semidefinite programming, real algebraic geometry, and
operator theory. As a result of the workshop I have a
clearer understanding of the connections and important
directions
as well as a good list of new problems. I note that as a
result of the activities related to the workshop major
progress has been made on the Linear Matrix Inequality (LMI)
lifting problem.
—Scott McCullough
I enjoyed the workshop very much. The time spacing allowed
me to interact with many of the participants between talks.
I made a number of new contacts both in my field and
outside. I did prefer the days with 4 talks because the
breaks on other days did seem a bit too long.
Most of the talks were excellent as well, which is not
always the case in interdisciplinary settings.
I thought the office staff was stellar! I have no complaints.
This was one of the best organized workshops that I have
attended. I appreciate that all of the talks are on the web
so that I can take more time to think about them later.
This was also one of the most useful workshops that I have attended.
—Dennice Gayme
This is what the organizers of this workshop on Complexity, Coding, and Communications had to say:
Algebraic geometry is by now well known to have numerous applications in computational complexity
and coding theory. The goal of this workshop was to bring together researchers from
different sides of applications for presenting recent developments and for a fruitful
exchange of ideas. The lectures covered a wide area of topics: quantitative and algorithmic
questions of algebraic geometry, algebraic complexity theory, geometric invariant theory,
and various aspects of coding theory. The speakers took great care in gently introducing
their subjects to account for the different backgrounds in the audience and presented
well prepared talks of high quality. There was a lot of interaction going on between
the participants, as evidenced by the large number of questions asked during the talks and
in the lively "second chances" sessions. The format of having only three talks per day allowed
for ample discussions and a relaxed atmospere. The pure algebraic geometers in the audience
were astonished to learn about the wide range of applications and the new type of questions
coming from complexity question. It is to be hoped that the interaction between different
fields will be stimulated by this event. I received very positive feedback from many
participants confirming by own impression of the great success of this workshop.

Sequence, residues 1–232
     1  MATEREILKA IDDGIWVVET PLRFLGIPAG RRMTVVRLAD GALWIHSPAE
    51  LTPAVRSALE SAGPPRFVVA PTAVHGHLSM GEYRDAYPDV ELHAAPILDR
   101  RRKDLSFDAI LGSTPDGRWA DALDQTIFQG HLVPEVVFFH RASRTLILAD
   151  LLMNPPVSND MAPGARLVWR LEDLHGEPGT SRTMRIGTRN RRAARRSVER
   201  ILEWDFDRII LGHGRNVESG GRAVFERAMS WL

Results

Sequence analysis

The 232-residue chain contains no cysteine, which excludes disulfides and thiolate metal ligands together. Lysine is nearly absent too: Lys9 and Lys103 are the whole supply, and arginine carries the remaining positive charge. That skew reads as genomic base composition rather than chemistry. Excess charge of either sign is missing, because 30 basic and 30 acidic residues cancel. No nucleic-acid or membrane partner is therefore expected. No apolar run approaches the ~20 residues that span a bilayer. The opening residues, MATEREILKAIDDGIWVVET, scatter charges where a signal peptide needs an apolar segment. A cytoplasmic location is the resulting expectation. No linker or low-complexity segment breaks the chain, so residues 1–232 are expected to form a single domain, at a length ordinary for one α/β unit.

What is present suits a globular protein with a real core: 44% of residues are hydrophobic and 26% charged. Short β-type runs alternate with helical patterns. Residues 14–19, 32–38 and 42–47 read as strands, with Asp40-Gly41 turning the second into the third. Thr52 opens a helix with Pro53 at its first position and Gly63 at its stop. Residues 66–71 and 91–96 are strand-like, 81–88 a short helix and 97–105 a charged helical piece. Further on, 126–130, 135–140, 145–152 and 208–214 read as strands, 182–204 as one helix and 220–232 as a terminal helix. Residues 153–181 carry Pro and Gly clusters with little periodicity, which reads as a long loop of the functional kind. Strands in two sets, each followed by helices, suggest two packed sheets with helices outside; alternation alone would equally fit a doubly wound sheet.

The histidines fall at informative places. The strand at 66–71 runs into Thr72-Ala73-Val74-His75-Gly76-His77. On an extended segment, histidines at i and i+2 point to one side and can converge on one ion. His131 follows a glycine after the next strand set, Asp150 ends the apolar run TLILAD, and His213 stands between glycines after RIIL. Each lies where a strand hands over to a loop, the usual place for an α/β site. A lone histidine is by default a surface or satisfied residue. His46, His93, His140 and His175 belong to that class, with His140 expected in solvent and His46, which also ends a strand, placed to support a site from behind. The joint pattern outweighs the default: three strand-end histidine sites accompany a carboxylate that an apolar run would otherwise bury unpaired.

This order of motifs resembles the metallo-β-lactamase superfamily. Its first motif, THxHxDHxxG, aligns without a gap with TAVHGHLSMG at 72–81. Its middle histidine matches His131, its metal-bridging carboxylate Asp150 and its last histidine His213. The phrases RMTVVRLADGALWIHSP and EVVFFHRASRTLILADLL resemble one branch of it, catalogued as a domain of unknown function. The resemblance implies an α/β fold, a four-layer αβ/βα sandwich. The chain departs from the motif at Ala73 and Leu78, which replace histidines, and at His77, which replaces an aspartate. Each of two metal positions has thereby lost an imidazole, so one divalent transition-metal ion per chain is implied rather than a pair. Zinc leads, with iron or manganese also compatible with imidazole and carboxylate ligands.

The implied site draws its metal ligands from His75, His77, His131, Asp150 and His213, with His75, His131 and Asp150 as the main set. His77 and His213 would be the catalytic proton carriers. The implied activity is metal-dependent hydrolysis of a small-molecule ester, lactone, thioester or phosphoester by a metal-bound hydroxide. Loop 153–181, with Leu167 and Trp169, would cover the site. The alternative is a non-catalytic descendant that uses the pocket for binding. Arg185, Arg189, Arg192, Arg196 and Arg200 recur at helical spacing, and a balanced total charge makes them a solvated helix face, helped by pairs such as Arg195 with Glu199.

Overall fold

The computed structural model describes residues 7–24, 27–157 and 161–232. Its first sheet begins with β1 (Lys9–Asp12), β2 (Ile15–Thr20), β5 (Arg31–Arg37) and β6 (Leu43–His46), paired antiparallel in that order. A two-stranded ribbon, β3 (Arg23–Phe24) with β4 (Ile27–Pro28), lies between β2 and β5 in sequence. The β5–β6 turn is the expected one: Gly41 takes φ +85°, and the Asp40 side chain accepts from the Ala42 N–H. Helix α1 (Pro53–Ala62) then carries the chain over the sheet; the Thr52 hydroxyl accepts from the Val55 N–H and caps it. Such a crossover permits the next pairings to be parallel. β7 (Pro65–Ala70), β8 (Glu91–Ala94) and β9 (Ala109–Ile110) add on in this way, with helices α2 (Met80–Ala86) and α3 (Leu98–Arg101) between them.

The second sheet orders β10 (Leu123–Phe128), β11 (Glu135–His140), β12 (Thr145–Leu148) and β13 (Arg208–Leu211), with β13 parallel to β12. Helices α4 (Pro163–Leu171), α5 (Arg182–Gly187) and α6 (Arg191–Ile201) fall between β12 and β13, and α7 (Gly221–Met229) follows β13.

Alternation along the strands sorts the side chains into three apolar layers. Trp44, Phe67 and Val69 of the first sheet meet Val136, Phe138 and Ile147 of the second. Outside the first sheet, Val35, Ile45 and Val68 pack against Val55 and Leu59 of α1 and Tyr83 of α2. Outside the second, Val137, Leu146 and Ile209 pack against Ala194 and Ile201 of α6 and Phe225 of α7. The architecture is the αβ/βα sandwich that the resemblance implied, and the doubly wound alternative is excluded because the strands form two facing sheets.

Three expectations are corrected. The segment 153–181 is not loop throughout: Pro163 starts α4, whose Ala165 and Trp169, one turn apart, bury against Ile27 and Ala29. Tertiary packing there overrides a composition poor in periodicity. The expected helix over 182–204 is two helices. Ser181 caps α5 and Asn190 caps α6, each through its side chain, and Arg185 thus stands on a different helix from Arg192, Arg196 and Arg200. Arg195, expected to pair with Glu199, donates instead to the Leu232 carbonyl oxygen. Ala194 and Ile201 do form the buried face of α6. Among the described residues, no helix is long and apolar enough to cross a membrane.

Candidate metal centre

—Peter Buergisser
Here is what some of the participants had to say:
This was a very good workshop, and I see the possibility of
a new direction of research based on the connection between
the computational complexity and the Schubert calculus that
I learned at this workshop. I was working on the problems of
complexity and on the geometry of Schubert varieties before,
but never expected these two areas to be related.
The IMA support was excellent. There was a small glitch with
computer accounts at the start of the workshop, but that
was fixed fast. During the workshop, there was enough time for communication
with participants outside the lectures. In particular, I
have made considerable progress in my work with Vorobjov on
the topological complexity of semialgebraic sets and, more
general, definable sets in an ominimal structure.
Our theorem settles a longstanding problem of a single
exponential (in the number of variables) upper bound on the
topological complexity of a projection of a fewnomial
semialgebraic set. Our previous result provided such an
upper bound only for a closed or open projection. Even in
the classical (dense encoding) case of a general
semialgebraic set our new construction often provides better
upper bounds on the topological complexity than those known
before.
—Andrei Gabrielov
I gained a better view of the current problems of
interest in the fields of Complexity and Coding. I
consolidated old contacts and met new people, mainly from the
area of Coding Theory. I discussed some interesting questions
with people I wouldn't have met without this workshop, that
might lead to a project.
The IMA staff is always very helpful and nice. The logistic
was fine. The hotel is very convenient.
—Teresa Krick
The abstracts and talk materials for this workshop can be found on our web page.